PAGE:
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The Ellen Payne Odom Genealogy Library Family Tree
Beth's Weekly Moultrie Observer Column - Week 79
(This appears here courtesy of The Moultrie Observer)

   Several of you have come by my office at the library with questions about genealogy and about some of the related fields.  I'll do my best, over the next weeks to answer a few of the questions you have asked.
   One of the most frequently asked queries is about storing things that are genealogically and historically valuable. 
   What kinds of things might you collect if you are a family historian? You might be surprised at what a long list there is of items that are important.
   Everyone collects paper things.  Paper copies of email, computer printouts of valuable information, family letters, newspaper clippings, legal documents, photocopies.  The list grows all the time with new technology.
   Most everyone interested in genealogy and family history collects both printed books and books in manuscript form.
   Most everyone has a box - or boxes - and albums of photographs.  That means we must deal with color pictures, black and white pictures, negatives.and maybe even slides and Polaroid pictures.  Today, we have photographs from digital cameras as well.
   Most of us have films like the old Super 8 or 16 mm.  Nowadays, most everyone has videotapes that have been done by family members or even professionals.
   Have you thought about how phonograph records and audiocassettes are valuable historical and genealogical items?
   Even textiles are important to family history.  Do you have a quilt that grandmother made?  Do you have your great grandmothers wedding dress?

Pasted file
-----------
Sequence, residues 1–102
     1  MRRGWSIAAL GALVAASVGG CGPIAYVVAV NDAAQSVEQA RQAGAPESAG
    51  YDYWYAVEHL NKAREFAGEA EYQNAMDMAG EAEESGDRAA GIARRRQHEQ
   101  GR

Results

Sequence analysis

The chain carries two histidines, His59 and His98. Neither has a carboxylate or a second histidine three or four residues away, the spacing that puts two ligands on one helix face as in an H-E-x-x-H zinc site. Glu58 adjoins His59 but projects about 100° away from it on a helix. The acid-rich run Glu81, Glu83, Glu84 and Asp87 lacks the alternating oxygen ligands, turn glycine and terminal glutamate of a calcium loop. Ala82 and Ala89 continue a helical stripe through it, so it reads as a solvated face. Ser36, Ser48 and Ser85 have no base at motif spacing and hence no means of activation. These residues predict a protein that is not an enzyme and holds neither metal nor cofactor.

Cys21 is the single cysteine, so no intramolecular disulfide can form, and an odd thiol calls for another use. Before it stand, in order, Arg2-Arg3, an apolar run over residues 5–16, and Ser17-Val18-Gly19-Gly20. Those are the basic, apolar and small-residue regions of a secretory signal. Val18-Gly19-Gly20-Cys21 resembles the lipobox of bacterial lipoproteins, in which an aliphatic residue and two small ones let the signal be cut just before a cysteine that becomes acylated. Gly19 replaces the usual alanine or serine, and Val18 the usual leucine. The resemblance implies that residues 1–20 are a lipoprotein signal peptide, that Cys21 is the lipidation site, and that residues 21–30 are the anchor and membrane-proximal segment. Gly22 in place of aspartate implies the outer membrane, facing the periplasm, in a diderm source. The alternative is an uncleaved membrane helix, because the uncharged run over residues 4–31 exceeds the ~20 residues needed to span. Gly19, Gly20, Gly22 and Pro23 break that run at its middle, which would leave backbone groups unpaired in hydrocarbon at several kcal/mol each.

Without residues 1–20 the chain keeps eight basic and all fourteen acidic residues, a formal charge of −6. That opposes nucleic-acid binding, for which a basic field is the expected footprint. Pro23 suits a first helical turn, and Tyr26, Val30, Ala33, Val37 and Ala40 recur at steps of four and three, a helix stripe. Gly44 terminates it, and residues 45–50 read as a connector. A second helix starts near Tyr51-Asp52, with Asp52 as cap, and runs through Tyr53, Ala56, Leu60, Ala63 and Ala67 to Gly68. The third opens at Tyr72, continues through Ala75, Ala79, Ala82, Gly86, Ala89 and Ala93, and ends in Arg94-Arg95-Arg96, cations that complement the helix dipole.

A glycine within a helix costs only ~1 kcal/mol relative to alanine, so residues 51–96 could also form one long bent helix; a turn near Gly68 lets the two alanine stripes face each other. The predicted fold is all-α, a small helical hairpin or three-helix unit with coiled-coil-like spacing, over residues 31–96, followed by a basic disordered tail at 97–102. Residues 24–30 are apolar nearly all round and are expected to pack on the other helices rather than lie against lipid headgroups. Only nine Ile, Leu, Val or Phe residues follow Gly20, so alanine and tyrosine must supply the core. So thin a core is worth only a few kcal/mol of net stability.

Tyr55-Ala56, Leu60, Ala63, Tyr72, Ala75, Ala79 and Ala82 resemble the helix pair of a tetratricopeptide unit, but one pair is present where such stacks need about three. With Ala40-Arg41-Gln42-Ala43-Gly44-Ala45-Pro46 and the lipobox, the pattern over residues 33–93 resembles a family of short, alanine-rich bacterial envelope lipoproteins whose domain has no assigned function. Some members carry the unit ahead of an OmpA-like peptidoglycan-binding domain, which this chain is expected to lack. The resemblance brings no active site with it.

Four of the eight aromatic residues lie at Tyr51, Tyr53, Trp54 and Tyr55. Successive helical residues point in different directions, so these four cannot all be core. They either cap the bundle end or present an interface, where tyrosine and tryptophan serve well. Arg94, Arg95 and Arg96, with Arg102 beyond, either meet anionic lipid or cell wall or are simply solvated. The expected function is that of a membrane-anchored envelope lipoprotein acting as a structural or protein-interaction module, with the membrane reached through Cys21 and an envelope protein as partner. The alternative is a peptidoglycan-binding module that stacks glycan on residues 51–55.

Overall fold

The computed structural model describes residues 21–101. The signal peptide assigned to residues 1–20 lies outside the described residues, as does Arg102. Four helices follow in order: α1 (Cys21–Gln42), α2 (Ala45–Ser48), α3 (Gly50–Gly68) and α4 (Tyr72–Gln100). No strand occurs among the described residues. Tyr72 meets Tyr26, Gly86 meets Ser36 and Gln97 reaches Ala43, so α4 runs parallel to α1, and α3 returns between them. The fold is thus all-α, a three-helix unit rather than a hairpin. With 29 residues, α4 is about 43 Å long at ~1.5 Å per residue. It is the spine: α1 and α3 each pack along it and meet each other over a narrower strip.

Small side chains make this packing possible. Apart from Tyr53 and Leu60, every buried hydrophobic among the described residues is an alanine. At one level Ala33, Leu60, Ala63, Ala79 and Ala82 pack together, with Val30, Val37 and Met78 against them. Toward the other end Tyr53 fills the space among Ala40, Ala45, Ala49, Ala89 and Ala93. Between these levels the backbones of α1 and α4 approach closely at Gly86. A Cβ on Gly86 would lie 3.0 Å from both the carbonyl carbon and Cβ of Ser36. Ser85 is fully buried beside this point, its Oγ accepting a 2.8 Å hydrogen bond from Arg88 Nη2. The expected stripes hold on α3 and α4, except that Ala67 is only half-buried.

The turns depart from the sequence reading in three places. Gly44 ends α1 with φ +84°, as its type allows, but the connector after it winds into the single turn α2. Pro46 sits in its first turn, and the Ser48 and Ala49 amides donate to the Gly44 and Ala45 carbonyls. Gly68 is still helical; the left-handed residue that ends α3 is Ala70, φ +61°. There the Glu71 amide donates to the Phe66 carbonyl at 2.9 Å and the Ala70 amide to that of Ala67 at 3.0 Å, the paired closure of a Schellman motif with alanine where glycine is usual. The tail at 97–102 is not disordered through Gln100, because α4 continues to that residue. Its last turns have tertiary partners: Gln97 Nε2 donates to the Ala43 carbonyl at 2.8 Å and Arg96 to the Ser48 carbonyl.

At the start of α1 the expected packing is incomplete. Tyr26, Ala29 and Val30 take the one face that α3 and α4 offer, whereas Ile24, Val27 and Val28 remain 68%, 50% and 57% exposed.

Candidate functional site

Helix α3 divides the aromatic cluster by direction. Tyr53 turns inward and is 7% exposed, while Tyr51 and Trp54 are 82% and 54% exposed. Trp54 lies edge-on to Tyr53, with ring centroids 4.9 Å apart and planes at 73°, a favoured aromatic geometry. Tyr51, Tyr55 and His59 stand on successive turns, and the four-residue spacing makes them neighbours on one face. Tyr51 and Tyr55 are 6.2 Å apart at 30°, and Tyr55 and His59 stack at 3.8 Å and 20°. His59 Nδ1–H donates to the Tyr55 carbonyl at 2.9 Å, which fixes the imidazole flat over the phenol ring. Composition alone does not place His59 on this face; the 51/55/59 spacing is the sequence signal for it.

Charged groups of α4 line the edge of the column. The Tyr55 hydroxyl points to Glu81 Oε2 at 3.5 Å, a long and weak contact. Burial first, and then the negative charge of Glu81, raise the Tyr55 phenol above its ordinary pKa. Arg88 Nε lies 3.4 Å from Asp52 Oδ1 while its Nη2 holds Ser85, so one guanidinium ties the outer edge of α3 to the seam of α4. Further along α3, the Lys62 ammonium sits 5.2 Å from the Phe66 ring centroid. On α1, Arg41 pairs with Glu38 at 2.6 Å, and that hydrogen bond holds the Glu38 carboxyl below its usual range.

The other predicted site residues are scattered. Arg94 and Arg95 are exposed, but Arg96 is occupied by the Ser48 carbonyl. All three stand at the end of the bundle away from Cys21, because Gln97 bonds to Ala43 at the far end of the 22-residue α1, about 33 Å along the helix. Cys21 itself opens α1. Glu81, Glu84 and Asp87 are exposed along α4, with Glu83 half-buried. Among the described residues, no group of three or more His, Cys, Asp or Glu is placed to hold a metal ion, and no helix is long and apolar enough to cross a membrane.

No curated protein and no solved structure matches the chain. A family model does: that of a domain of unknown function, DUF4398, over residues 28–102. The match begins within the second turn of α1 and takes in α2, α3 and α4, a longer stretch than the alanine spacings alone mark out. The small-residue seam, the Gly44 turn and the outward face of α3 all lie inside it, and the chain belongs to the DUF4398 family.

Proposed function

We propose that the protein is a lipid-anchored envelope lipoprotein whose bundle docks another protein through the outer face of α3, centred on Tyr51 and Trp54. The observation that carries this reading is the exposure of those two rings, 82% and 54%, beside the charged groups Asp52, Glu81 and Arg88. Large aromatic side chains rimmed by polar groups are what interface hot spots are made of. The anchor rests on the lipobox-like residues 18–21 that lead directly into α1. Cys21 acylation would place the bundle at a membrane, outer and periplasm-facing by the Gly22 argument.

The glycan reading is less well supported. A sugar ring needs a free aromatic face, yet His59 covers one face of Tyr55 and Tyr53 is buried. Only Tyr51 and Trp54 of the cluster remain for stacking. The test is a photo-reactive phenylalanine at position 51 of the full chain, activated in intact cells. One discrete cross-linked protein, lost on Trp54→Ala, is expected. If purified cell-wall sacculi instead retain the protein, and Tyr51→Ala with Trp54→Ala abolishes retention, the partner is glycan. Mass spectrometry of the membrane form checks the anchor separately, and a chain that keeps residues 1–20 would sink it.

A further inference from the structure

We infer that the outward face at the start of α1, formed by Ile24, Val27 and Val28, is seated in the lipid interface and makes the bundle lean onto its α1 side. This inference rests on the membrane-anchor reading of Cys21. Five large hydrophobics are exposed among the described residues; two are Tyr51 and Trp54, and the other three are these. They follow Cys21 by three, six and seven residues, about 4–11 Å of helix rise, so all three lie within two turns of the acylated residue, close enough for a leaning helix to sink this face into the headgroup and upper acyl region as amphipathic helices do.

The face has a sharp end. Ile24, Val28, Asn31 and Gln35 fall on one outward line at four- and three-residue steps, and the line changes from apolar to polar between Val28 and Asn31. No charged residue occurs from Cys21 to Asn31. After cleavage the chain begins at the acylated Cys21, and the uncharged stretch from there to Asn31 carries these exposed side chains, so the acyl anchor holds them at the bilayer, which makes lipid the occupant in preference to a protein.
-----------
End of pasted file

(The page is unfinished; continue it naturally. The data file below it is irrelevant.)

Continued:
In my own kitchen, hanging on a little hook is my beloved grandmother's apron.worn and showing that it was used most every day.but precious to me. 
   All of these things will deteriorate over time.  Things age through chemical changes or through physical happenings.
   You need to know just a little bit about paper.
   Paper becomes brittle because there is a chemical reaction in the paper that was made using what the scientist's call the sulfite pulping process.
   Until just a little bit ago, most of the paper that was made after 1860 was made with that sulfite pulping process.  This means that chemicals alum and rosin added to the paper will form sulfuric acid when the resulting paper is exposed to air and high temperatures.  Chemically, this alters the molecular structure of the paper and it becomes "embrittled."  Paper thus affected is weakened and easily damaged. 
   Most of us have had the sad experience of having old paper just crumble away in your hand.and now you know why.
   When paper is chemically deteriorated, it does often lead to physical deterioration (see crumble away above).  However, all physical deterioration is not dependent upon the chemical process.
   When you handle books and papers carelessly, they can be damaged.  When you store books and papers in high temperatures or damp places.or in direct sunlight.damage can occur.
   Poor storage can result in your precious items being exposed to insects and vermin that love to eat and nest in paper.  Look out for silverfish, cockroaches and even beetles.  Mice, rats and squirrels will eat or chew on paper and will - yuk - leave droppings on materials.
   If you will think just a little bit about the storage of your genealogical and historical materials, you can greatly extend their time of usefulness.
   We'll talk a little more about this next time.

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